Stalker, an Unorthodox Quest to Maddening Uncertainties

The unorthodox approach of Tarkovsky towards complex themes doesn’t require an intensive course of studies before viewing his works. But, like all of his seven feature films, Stalker genuinely rewards patience. Being an icon of Russian filmmaking, Tarkovsky speaks for his work in impenetrable and sometimes intricate terms. Stuffed with several meanings embedded in metaphors, Stalker possesses the potential to inspire an academic avalanche.

The test of this remarkable work doesn’t lie within its relevance to the events of the modern world. Ever since the crippling of the nuclear power plant of Fukushima, the movie is a mournful companion to the crisis. It is still open for the acrimonious debates because of its link with Chernobyl. The filmmaker got to stick to a theme that led to the reverberation of meanings. Stalker was loosely based on Boris Strugatsky’s sci-fi novella Roadside Picnic. There is a prophetic vision of Tarkovsky in “zone”, the forbidden area in which laws of nature doesn’t work and to which “stalkers” lead expedition to recover lost artifacts. Moreover, the “Room” was a place of attraction for people with innate greed as the place magically seemed to grant its entrants their dearest wishes.

Tarkovsky’s style is jaw-droppingly impressive when he considers paring away from the overt and obvious elements of science fictions stories. He takes longer takes to grasp the attention span of audience and crafts the mise-en-scene in such a way that the targeted audience struggles to relate Stalker, Writer, and Professor to their world. The severely-simple narrative of a quest of three men propels one forward to know more about the story. But the articulately presented ever-increasing perils and hardships of their journey keeps one always up on the toes. There is an obvious spiritual and physical drain felt by the three central characters imposed on them by invisible factors. It was a journey that was adaptively changing itself depending on the travelers such that there was no hard and fast rule to crack a certain path towards Room. Stalker states this impressive feature of their journey as, “Our moods, our thoughts, our emotions, our feelings can bring about change here. And we are in no condition to comprehend them….… everything that happens here depends on us, not on the Zone.”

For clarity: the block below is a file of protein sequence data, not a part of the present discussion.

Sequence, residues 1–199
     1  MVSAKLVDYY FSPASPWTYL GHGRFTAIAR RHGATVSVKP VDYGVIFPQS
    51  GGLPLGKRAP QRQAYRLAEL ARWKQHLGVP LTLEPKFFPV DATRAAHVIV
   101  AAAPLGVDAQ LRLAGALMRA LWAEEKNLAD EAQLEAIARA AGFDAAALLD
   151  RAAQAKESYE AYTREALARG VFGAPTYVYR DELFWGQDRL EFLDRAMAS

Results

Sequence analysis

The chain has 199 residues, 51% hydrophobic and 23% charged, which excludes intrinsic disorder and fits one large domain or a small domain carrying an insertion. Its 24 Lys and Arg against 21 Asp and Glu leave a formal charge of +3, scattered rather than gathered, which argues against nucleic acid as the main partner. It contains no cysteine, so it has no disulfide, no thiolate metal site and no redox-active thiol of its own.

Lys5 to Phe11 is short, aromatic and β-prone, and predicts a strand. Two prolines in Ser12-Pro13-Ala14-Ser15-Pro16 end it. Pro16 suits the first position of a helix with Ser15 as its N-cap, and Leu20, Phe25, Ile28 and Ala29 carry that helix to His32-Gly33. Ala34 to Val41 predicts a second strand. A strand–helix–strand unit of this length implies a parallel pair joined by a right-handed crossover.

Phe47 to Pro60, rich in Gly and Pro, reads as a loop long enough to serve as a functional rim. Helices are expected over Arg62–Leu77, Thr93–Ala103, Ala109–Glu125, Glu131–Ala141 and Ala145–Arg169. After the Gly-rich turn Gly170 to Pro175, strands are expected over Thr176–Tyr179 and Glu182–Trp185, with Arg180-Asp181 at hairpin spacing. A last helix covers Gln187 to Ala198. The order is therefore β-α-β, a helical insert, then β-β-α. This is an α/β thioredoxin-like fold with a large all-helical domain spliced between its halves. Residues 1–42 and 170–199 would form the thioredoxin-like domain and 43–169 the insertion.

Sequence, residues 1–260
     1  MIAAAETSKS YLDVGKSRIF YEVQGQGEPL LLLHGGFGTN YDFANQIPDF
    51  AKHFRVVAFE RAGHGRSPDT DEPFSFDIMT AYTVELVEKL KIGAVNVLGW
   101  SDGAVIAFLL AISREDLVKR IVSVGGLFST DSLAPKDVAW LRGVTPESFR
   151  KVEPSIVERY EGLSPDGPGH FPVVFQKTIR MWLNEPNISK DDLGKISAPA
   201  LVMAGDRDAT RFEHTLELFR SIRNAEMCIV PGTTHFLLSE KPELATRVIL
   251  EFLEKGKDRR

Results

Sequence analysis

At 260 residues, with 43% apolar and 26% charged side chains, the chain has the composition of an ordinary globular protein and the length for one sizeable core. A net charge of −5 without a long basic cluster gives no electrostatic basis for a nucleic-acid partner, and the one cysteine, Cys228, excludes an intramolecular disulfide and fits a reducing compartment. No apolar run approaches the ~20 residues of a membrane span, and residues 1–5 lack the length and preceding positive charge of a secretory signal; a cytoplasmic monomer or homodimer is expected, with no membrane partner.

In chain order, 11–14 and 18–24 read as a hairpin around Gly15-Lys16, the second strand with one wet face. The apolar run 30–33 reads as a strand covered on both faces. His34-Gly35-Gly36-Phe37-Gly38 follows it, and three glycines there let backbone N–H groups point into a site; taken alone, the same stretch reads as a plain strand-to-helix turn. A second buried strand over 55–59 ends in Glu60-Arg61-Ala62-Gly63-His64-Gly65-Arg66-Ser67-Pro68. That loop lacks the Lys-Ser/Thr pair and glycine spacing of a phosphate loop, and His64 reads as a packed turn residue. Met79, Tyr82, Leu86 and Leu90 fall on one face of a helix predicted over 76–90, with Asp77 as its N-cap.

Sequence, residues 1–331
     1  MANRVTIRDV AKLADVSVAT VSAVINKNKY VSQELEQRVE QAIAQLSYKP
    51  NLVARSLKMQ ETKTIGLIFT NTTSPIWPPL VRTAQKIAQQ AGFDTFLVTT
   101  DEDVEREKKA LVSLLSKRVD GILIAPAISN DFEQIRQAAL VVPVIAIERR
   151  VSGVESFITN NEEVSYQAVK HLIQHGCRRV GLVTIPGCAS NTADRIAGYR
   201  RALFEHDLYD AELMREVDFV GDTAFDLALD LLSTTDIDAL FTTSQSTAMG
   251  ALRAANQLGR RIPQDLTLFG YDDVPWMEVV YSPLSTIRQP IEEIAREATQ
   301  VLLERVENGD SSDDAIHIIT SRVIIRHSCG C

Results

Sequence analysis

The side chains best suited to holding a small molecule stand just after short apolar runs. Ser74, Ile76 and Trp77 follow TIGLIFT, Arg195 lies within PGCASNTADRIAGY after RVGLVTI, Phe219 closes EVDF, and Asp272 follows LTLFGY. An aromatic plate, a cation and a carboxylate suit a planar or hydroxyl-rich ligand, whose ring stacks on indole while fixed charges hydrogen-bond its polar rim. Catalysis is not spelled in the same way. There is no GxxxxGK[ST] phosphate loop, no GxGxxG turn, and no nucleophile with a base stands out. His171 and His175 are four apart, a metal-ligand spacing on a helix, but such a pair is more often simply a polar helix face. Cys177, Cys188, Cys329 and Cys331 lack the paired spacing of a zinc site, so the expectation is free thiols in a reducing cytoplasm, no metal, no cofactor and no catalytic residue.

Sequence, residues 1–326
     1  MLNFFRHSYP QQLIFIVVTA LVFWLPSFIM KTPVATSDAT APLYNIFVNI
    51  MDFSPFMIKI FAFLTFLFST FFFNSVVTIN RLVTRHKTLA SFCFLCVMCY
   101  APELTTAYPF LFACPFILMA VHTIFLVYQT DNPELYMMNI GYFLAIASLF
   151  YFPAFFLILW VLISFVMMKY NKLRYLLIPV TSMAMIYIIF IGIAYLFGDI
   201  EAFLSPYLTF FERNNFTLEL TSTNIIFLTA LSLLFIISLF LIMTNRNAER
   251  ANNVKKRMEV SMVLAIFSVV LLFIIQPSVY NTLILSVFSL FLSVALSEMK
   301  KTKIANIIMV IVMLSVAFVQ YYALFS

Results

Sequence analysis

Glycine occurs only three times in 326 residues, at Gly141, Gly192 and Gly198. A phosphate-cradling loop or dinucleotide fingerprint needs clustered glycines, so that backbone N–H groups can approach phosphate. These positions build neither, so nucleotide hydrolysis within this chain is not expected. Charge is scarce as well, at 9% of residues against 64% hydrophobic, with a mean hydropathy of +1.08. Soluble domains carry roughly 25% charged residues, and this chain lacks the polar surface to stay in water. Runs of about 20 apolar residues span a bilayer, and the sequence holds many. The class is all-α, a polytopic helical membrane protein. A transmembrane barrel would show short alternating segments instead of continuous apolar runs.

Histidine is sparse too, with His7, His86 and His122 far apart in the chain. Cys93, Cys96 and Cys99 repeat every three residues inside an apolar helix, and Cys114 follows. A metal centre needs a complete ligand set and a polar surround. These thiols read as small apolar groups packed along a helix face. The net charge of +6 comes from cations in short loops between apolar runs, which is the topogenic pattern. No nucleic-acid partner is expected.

This specific pride and significance of the Zone that it was deadly, nonlinear and unpredictable empower the film. Like many givens in the normal world, the three men in the movie and the viewers were bound to accept the laws of Zone for two hours and forty-one minutes. Thus, instead of imposing a visually fantasy-like world, Tarkovsky stages his philosophical saga in the world known to everyone. The field-tension generated by him makes the surroundings even more vivid. This generates a sense of empathy where viewer also starts looking for the traps and evoke some hidden meanings out of the jumbled landscape.

Surprisingly, the nonlinear vision of Tarkovsky was not largely supported with special effects. Along with several strange and privileged moments, there were a few comic moments to release tension. But, despite maddening uncertainties of the Zone, the most potent juncture of the plot like was its demand to construct a narrative and meaning from an open end.